Unfortunately, the choir is a bit of a let-down to me. I have a hard time with music that's too nice, that's a little too "correct." The wilder sounds that usually make up this piece are far more interesting to hear, and when some harsher noises get mixed in and Eye let's loose with a little screaming, that's when things start getting exciting. That happens a little bit on this recording, but just barely. So the bottom line is this won't replace my bootleg Vooredoms recordings in the workout mix, most of which is recorded just as well as this and sounds more exciting. It's probably smart of them to make an official release of this, and I understand why you'd want it documented, but it's not the best representation of this material.

Nice packaging though, with the full score included so you can sing along at home. On Thrill Jockey.

Wednesday, July 16, 2008

BUCK GOOTER documentary

I've had a few run-ins with this band Buck Gooter. For some reason I can't help but think of them as "outsider artists" (which should be taken as a compliment) even if they do know all about noise bands and punk rock. Maybe it's the band name which conjures a hillbilly/redneck vibe, or the weird mix of protest rock with noise & drum machines, or the fact that the band members are a generation apart, or that they live out in rural Virginia. Anyway, even though they have the same internet access we all do, and many of the same sources of inspiration, somehow their interpretation of it comes out very wrong (which is also a compliment). So maybe this will help clarify things: "What Da Hell?" a short Buck Gooter documentary, available in 2 parts on YouTube. I wish this explored the band members' personal lives a little more, which I think would add some insight into where they're coming from, but this still paints an interesting picture. Enjoy! PART 1: PART 2:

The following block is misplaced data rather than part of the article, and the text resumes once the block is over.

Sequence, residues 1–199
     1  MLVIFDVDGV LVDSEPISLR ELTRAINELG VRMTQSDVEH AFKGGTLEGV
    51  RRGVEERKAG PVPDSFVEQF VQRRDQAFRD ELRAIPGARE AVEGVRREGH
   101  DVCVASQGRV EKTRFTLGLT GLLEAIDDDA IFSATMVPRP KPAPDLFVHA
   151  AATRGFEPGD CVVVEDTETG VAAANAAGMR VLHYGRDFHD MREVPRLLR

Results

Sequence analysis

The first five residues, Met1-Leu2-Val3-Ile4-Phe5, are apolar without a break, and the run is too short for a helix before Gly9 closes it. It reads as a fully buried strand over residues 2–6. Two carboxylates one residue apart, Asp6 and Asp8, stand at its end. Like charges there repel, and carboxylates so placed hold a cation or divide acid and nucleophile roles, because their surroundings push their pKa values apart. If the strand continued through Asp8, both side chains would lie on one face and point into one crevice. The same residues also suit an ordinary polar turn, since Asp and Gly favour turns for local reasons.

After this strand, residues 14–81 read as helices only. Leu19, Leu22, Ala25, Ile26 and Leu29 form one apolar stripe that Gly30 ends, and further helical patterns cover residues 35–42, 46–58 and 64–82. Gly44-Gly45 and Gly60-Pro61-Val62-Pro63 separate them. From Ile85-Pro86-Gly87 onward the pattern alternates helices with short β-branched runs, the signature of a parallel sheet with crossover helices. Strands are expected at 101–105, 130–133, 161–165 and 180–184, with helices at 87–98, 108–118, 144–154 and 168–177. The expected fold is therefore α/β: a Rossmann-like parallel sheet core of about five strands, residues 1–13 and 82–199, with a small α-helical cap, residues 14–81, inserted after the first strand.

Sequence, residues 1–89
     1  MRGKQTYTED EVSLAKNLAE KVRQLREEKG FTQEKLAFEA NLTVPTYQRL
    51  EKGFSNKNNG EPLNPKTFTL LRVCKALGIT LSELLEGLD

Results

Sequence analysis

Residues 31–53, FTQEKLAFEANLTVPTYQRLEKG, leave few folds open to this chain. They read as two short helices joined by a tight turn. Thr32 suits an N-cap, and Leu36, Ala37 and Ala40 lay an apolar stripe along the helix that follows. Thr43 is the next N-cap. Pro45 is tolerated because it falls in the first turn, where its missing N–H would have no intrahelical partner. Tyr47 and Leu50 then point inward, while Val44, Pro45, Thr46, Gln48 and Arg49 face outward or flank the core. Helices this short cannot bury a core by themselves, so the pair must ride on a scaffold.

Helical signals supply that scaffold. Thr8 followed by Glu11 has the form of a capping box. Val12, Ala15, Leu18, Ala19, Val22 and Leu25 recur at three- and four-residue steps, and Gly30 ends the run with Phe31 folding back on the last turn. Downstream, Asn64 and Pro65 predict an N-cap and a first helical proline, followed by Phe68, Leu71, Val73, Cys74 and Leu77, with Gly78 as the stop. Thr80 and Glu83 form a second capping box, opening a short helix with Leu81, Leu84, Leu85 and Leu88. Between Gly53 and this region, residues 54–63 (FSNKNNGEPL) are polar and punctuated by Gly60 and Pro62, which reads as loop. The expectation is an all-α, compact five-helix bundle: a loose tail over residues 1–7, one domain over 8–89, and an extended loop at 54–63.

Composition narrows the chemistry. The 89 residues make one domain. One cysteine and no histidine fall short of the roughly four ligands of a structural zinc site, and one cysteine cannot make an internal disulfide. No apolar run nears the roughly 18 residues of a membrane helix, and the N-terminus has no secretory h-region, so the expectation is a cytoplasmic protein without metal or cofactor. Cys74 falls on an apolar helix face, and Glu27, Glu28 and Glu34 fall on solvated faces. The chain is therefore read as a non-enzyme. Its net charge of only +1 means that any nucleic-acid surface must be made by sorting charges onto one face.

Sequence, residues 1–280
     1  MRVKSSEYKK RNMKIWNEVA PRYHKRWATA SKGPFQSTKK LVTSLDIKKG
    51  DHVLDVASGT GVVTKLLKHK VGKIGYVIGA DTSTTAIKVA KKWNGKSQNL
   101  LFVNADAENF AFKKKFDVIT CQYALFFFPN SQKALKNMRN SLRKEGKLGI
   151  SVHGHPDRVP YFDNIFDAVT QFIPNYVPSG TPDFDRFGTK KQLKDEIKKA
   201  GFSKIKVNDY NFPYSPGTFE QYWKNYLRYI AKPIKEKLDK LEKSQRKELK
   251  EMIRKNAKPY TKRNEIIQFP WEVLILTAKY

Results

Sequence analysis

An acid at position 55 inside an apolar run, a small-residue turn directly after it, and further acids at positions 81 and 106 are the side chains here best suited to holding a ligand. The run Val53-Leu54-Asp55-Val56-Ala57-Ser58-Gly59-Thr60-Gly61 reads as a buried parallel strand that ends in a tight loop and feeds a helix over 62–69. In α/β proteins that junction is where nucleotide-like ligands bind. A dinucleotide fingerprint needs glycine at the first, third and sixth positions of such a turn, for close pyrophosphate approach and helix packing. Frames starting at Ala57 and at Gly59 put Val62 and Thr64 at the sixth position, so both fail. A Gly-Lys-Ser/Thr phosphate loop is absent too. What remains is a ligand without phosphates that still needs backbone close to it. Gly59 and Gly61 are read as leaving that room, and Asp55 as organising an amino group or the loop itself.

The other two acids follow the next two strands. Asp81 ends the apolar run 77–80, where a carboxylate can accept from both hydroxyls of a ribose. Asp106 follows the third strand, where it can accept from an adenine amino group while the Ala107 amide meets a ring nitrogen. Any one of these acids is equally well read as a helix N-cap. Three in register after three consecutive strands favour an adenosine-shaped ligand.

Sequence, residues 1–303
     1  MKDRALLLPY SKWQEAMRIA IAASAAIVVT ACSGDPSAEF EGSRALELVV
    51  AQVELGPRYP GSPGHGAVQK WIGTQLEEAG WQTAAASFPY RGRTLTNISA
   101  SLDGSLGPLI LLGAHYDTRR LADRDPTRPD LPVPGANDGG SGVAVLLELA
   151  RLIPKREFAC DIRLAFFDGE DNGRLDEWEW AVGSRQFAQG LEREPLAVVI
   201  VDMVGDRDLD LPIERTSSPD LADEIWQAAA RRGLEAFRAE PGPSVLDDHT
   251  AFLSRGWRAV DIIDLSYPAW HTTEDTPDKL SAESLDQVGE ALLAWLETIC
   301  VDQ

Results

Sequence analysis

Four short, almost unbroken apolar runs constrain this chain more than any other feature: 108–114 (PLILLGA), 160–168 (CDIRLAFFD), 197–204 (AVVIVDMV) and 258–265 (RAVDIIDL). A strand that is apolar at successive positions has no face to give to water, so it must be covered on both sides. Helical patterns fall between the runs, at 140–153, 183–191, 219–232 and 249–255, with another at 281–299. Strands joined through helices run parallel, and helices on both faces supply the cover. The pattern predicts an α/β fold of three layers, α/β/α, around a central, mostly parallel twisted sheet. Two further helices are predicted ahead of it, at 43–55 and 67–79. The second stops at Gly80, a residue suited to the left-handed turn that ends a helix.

Tuesday, July 08, 2008


In my book, this is a noise record which does lots of things right. First of all, I like to hear a mix of organic and digital sounds, especially when the lines get blurred. This starts out with some guitar work that would sound like speed-metal scales if it weren't so aluminum-treble shrill. This repeats, but quickly gets cut up, chopped and blended into coarse digital noise. Or maybe the digital noise is produced separately and it just sounds like processed guitar, because like I said, the lines quickly blur. There are sounds that might be that squealing harmonics sound that metal guitarists do, but it also might just be noise, or feedback, or who knows.